Rent supplement is in the crosshairs


#736

Focus Ireland on the radio banging on about raising rent supplement to prevent homelessness. This particularly pisses me off as they are my chosen charity and I’ve always spoken highly of them to everyone. Sharpening my email pitchfork as we speak…


#737

I was thinking you’d be pissed off listening to that this morning. Such binary positions are most often the espousals of highly vested interests.

Also and this was the most interesting to me aside form the magic money request. Did I hear it right that of the 150 families who have been evicted classed as homeless were all in fact previously renting.

Not a David Hall in site it seems. :angry:


#738

I sent a polite but firm email to the CEO. Let’s see…

I complained to them previously about use of chuggers and I got a polite and well-thought-out response from a real person, so I’m hopeful of a proper response.


#739

Things must be bad in Cork…no available accomm in the Mallow are so a family of 6 had to sleep in a car last night-4 kids under 4, youngest being 1 month old!!!


#740

Logic. Yes. … Puzzling. I wondered how come, too. Carried on pinning around. Such fun. Then came accross this:

That one was from 16 December 2014

So, maybe the threat of losing ones place at the trough to a shinner gives one the ability to make logical noises for a while. In their linked document, though, they have a fuzzy landlords nuts in a pliers rent assistance scheme, and they do want to ‘Broaden the Mortgage to Rent scheme so that more people struggling with their mortgage can avail of the scheme and stay in their home’, yoiks, and buy into Thatchers ‘right to buy’ scheme for council tenants. Gulp. So I ain’t sayin’ they’re all perfect, or on the same page, even, so put the handcuffs away, now, Nigel. And PBP want to up the rent (landlord) allowance. Fists in the air, yaaaay. Oh my Gawd.


#741

Dublin local authorities took full page ads in the Irish Times today with the sole intention of increasing rents.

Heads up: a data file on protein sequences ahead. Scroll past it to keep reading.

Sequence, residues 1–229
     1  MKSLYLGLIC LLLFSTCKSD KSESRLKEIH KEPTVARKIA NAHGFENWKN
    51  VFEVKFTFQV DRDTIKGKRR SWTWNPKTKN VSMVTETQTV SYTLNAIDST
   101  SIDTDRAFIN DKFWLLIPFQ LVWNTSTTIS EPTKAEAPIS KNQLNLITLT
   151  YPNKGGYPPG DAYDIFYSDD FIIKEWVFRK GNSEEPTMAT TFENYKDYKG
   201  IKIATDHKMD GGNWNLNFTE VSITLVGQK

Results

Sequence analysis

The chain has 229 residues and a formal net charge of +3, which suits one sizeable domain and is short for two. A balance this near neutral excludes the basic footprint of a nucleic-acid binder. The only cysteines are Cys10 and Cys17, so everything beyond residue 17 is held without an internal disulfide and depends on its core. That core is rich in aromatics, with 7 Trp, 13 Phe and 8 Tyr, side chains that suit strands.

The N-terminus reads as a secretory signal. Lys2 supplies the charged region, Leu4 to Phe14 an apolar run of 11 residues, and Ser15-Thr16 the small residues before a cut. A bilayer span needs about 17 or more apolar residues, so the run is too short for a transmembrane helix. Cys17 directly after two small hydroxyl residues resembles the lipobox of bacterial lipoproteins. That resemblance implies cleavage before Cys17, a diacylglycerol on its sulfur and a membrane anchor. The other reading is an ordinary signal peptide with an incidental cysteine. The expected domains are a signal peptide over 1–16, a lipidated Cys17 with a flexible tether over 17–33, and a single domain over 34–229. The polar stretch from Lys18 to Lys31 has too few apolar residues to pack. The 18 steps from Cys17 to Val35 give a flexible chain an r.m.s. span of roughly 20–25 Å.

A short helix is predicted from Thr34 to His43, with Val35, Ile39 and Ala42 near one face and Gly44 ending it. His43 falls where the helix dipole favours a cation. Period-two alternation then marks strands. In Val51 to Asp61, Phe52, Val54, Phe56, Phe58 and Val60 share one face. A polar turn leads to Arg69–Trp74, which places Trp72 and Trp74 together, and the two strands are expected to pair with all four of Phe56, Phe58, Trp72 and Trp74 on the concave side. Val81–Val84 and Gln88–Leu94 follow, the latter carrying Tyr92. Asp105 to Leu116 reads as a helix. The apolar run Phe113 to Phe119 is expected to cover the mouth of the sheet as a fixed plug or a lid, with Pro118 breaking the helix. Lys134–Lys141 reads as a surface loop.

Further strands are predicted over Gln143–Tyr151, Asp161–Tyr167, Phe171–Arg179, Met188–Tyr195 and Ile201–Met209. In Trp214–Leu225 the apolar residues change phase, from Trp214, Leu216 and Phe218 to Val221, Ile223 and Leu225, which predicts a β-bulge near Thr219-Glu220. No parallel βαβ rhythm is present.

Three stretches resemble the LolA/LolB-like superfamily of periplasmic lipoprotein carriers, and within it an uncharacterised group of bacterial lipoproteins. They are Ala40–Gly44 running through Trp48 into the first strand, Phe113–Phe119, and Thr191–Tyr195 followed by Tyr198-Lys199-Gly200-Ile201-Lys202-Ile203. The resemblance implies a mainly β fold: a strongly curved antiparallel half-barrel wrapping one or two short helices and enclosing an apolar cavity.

irishtimes.com/news/social-a … -1.2224571

As a landlord I should be happy but this is just f–king with the market.


#742

I might have a house for rent in the next few months and this looks interesting. I would happily take 85% market value rent guaranteed for 20 years (5 year rent reviews) and not have to deal with the tenants or be responsible for maintenance.

There must be a catch?? Apart from not having access to the house for 20 years.


#743

Ads on the radio for this also…they’re really pushing this


#744

Here’s the landlord maths for me:

House value: 330k.
Market rent: 1300pcm.
Mortgage: 1100pcm (230k principal, so only 230/pcm is interest)
85% rent: 1100pcm.

On face value that sees me making a loss as after marginal tax (with relief for interest and insurance) as I’m only left with ~460k/mo. After property tax and insurance that’s about 375/mo.

But I’m only paying 230/pcm to hold the asset, so I’m actually making 145/mo, the rest is savings.

So that’s 1740/year after tax on my 100k equity, or 1.74% net yield.

Not great.


#745

Interest figures. What would you get on deposit for 100K after DIRT? Also no potential capital upside with cash (or downside, inflation aside).

My figures would be more like;

House value: 260k.
Market rent: 1400pcm.
Mortgage: 591pcm (185K C&I tracker +0.7%)
85% rent: 1200pcm.

So would turn a decent profit (need some time to fully crunch the numbers).

I was more interested in the pros & cons of RAS compared to the general private letting.


#746

My shares in a blue chip are paying higher yield than that outside of fairly good capital appreciaton with lower tax liabilities and near instant liquidity.
Property in Ireland doesn’t seem to be a great investment.